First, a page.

bangladesha022-web.jpgHere’s an observation from Mark Smith…

“Unless you walk through the corridors of chaos of the streets of Dhaka, Bangladesh, unless you see the filthy streets, walk by the beggars that will follow you and rub your arm for several minutes on end, begging for a 2 taka note that’s worth about 3 pennies, unless you see the traffic—the beyond-description traffic—a melding of unending jaywalks, buses, CNGs (little three-wheeled taxis), rickshaws, cars, motorcycles, scooters, fumes, honking, honking, honking—oh, the drone of the maddening traffic, then you cannot know, you cannot feel, you cannot render proper respect for the work being done or the work that remains to reach the people of Bangladesh with the gospel.”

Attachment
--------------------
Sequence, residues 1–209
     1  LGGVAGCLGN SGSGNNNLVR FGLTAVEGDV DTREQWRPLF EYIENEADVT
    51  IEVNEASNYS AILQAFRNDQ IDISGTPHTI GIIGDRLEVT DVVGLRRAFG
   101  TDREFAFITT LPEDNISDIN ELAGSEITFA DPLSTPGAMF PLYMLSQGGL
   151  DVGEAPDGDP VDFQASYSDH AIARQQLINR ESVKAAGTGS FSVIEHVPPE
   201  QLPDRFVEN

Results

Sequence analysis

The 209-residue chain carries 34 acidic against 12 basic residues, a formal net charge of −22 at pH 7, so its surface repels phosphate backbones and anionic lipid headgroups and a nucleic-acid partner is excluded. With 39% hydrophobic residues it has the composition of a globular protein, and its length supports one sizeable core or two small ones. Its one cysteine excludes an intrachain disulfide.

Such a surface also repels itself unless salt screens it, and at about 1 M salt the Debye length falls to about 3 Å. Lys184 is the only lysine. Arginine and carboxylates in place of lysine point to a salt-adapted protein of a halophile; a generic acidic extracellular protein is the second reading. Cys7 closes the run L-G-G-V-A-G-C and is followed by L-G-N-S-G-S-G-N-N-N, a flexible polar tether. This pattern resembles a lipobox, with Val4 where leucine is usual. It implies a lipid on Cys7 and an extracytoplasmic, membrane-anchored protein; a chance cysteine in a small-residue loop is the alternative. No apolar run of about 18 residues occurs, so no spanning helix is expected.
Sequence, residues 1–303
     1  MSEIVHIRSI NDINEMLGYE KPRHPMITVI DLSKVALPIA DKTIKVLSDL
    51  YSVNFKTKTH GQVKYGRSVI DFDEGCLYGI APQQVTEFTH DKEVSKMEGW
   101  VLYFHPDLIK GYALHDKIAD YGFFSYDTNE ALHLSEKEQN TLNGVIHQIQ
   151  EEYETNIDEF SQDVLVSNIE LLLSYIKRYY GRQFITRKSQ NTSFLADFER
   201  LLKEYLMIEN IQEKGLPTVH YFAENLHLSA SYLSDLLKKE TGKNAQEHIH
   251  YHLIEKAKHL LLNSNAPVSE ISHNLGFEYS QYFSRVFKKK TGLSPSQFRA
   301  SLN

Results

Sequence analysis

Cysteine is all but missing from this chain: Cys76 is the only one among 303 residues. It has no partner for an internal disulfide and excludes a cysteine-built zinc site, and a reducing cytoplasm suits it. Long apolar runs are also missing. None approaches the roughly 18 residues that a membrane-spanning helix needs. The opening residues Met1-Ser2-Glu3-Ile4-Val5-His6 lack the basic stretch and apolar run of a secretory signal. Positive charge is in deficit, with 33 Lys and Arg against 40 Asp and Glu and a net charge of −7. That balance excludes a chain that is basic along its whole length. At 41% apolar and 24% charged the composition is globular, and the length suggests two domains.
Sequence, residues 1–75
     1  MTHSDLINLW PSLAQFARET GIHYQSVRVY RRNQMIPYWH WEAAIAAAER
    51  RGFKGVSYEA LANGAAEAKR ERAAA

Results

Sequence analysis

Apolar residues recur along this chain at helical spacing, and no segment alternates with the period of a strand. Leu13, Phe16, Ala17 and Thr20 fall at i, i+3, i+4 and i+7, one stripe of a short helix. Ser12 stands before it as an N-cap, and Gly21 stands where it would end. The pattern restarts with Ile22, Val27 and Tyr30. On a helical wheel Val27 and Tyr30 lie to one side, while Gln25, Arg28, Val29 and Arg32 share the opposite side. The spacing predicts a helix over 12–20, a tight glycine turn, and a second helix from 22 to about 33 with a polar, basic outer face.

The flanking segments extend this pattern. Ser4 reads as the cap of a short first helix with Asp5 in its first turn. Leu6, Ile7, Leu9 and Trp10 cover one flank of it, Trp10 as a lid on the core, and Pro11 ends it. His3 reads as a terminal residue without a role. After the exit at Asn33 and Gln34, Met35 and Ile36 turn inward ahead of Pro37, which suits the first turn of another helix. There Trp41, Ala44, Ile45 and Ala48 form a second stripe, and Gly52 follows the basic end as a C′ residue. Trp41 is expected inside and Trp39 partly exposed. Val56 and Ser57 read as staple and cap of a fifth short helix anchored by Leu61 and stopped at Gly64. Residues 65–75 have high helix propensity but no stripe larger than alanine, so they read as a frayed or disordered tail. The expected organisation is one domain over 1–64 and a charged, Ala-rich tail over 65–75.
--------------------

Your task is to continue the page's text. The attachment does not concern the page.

bangladesh-b008-web.jpgThanks, Mark. Your comment reminds me of those times in the gospels like Matthew 9:36-38, “Seeing the people, Jesus felt compassion for them, because they were distressed and dispirited like sheep without a shepherd. Then he said to his disciples, ‘The harvest is plentiful, but the workers are few. Therefore, beseech the Lord of the harvest to send out workers into his harvest.’” When you see the crush of traffic here in Bangladesh, the millions of people rushing about, nearly all of whom have no knowledge of Jesus, you find yourself moved with compassion. The outward poverty of the people is a true reflection of their spiritual poverty. In our culture, our outward wealth and success often enables us to ignore our spiritual condition, and Mark is right that the only way to fully appreciate the great need and the great opportunity for the gospel is to get a different view, to take a look at the world as it really is, not just as it is in America. And there’s no substitute for seeing it first hand. There’s a big difference between visiting the Grand Canyon and seeing a picture of it.